Passions and Tempers
A History of the HumoursBook - 2007
Traces the 2,500-year evolution of humour-based science, explaining the scientific bases of humour medical practices while discussing how beliefs in the relationship between health and humour balances survived throughout extended periods.
The humours—blood, phlegm, black bile, and choler—were substances thought to circulate within the body and determine a person's health, mood, and character. For example, an excess of black bile was considered a cause of melancholy. The theory of humours remained an inexact but powerful tool for centuries, surviving scientific changes and offering clarity to physicians.
This one-of-a-kind book follows the fate of these variable and invisible fluids from their Western origin in ancient Greece to their present-day versions. It traces their persistence from medical guidebooks of the past to current health fads, from the testimonies of medical doctors to the theories of scientists, physicians, and philosophers. By intertwining the histories of medicine, science, psychology, and philosophy, Noga Arikha revisits and revises how we think about all aspects of our physical, mental, and emotional selves.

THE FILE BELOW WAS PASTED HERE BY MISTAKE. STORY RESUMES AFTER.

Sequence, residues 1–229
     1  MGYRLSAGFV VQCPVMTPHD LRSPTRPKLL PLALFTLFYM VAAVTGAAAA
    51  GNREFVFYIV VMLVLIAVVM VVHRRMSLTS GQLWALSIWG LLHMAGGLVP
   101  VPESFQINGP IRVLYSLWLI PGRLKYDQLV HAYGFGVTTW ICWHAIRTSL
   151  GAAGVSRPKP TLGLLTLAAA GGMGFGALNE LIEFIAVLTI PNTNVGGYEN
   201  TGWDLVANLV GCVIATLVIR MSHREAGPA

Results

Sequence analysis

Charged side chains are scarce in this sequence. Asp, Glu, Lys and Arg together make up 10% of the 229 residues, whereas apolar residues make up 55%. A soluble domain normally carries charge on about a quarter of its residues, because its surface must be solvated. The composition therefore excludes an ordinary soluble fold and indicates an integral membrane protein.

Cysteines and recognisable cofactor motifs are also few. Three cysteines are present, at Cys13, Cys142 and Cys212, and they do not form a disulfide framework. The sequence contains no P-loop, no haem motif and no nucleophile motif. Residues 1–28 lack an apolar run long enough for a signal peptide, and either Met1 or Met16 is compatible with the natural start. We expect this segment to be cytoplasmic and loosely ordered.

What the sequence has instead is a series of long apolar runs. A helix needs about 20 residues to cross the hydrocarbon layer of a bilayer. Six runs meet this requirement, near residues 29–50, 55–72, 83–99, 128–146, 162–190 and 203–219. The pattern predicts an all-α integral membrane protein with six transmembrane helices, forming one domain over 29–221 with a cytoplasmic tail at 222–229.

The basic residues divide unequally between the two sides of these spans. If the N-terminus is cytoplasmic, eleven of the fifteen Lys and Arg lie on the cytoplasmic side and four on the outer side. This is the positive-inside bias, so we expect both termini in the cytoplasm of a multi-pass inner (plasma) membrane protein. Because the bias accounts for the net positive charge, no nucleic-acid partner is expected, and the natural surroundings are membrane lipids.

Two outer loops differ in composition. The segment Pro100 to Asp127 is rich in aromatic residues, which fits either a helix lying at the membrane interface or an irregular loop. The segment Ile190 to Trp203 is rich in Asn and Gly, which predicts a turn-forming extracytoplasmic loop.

For centuries everyone in Europe from physicians to peasant mothers knew that the only way to preserve health was to keep the humors of the body in balance. The four humors: choler, phlegm, black bile and blood, each have their own necessary use but too much of any one can result in both physical and mental illness. Now most people find this belief quaint. Arikha, who received a doctorate in history from the Warburg Institute, begs to differ. She traces the evolution of the theory of humors from the Greeks to the present along with the diversions and errors made by medical pioneers. She concludes that with all the technological advances in medicine that have been made, the basic idea of the humors is still with us. The book is well-written, suitable for a general audience but solidly referenced for scholars. Annotation ©2008 Book News, Inc., Portland, OR (booknews.com)
Draws on historical, literary, and philosophical sources to trace the 2,500-year evolution of humour-based science, offering insight into the scientific bases of humour medical practices while discussing how beliefs in the relationship between health and humour balances survived throughout extended periods. 20,000 first printing.